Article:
Seeing as I've been doing so much evangelizing, it's only fair that I help
out as well once people make the leap.
On Thu, 22 Mar 2001 14:23:11 Donncha O Caoimh wrote:
> How do I install/where do I find a deb for Netscape Communicator 4?
> Netscape 3 is included but the configuration part groaks with an error
> about /tmp/ and renaming files. Yes, I need the proprietary and evil
> Netscape Communicator. Is it on the 4th CD?
Once you're finished with the CD install, it's a good idea to change your
sources.list to also include (or just include) the ftp mirrors on esat.
This means you get the latest releases as well as any security updates.
Assuming you're using potato (last one released as ISOs), you'll need the
following (allow for mailer wrapping).
deb ftp://ftp.esat.net/mirrors/ftp.debian.org/debian potato main contrib
potato/non-US main contrib non-free
> How do I get a list of installed des. Dselect will let me do that, but I
> want the same as "rpm -qa|grep" to find if something is installed.
dpkg -l lists all _installed_ debs. dpkg -l <regexp-pattern> lists the
state of all known packages that match this pattern.
First two letters of dpkg output are the state of the package.
If you do something like dpkg -l "*net*" | grep "^ii" you'll get a list of
all installed packages with net in their name.
> How do I see the contents of a deb? Or find out what the contents of an
> installed deb is? Or find out what deb a file belongs to? These are the
> first things I as an rpm user can't easily find the apt/dpkg man files..
> (I've looked them over several times at home, but of course may have
> missed the obvious switches that everyone knows.)
dpkg -L <packagename> lists the contents of an installed deb.
dpkg -S <substring> lists all packages that contain a file whose full name
contains <substring>. dpkg -S vim returns lots more than dpkg -S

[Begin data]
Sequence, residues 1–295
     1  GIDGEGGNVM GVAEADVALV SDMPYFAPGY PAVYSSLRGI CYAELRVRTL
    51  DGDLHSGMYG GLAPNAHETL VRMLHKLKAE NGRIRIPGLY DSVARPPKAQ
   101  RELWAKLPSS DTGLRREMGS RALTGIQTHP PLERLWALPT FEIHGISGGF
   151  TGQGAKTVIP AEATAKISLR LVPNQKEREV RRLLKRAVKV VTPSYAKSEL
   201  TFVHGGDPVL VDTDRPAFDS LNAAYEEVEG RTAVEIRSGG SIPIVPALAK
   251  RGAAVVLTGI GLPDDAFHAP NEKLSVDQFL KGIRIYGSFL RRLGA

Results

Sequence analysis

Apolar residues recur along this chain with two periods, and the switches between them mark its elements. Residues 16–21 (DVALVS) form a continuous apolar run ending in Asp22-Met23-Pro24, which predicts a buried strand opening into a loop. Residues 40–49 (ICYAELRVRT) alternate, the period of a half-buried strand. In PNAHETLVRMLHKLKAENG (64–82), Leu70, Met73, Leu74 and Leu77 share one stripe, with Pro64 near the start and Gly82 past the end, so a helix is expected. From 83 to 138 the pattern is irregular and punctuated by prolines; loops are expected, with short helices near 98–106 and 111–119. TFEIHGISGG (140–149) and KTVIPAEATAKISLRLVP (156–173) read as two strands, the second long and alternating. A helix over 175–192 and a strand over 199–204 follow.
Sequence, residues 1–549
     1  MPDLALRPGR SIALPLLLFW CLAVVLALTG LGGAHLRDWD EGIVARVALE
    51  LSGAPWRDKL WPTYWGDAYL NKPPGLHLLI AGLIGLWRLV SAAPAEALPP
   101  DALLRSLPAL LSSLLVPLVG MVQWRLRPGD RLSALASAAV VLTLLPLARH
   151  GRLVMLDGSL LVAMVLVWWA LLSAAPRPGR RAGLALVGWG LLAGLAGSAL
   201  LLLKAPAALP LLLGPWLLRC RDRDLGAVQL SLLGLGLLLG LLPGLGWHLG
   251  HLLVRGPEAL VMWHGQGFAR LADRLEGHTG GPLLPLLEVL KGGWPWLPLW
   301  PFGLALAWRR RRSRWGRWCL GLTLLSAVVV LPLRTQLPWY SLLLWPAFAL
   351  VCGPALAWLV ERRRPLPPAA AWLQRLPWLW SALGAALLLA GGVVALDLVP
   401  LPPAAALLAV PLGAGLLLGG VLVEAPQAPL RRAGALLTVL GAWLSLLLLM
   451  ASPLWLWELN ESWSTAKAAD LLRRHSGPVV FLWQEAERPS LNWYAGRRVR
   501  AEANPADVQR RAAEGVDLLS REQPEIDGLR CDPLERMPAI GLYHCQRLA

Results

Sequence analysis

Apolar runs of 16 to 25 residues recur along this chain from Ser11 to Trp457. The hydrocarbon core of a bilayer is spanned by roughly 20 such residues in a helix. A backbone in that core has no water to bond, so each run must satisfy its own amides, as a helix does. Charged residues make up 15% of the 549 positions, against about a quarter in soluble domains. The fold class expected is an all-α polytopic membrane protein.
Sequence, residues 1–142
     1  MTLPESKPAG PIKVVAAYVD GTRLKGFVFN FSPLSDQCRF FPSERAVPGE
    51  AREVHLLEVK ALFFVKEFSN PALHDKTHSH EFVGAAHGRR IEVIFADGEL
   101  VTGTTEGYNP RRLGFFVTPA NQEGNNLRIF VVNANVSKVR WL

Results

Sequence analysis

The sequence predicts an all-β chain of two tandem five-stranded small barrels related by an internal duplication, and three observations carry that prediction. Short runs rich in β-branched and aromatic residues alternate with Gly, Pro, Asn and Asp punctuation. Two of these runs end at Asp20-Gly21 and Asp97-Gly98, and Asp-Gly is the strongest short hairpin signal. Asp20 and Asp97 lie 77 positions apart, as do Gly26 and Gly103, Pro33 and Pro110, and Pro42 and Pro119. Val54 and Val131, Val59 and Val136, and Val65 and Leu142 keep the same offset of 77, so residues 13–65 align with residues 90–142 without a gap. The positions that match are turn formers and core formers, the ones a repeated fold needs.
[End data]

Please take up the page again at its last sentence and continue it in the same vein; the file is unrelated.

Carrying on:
dpkg -c <.deb> lists the contents of a .deb
All docs live in /usr/doc or /usr/share/doc. There's a movement underway
to consolidate both of these, but there's lot of affected packages.
> If I want to add a kernel module(say, NIC driver installed from a
> floopy..), or recompile the kernel, can I keep using the nice "modconf"
> tool? Who do I recompile the kernel? Is there anything special to do
> beyond the usual make dep; make clean; make bzImage; etc. procedure. I
> found a kernel config program, but could only find the setup tool for
> that. (It asked for the kernel version and maintainer, your name. Does
> that ring any bells?)
Yep, you can still use modconf.
What I usually do for compiliing kernels is ignore the kernel package
utilities that debian provide. They're very handy in that they build a new
kernel binary deb that you install just like any other deb, but very
little depends on the kernel .debs. It's the only gratuituous debian
policy breakage that I indulge in.
However it's a good idea, but not essential, to use the source packages
that debian provide.
apt-get install kernel-source-2.4.2
This sticks kernel-source-2.4.2.tar.bz2 in /usr/src, unatarbz2 it and do
as you usually do.
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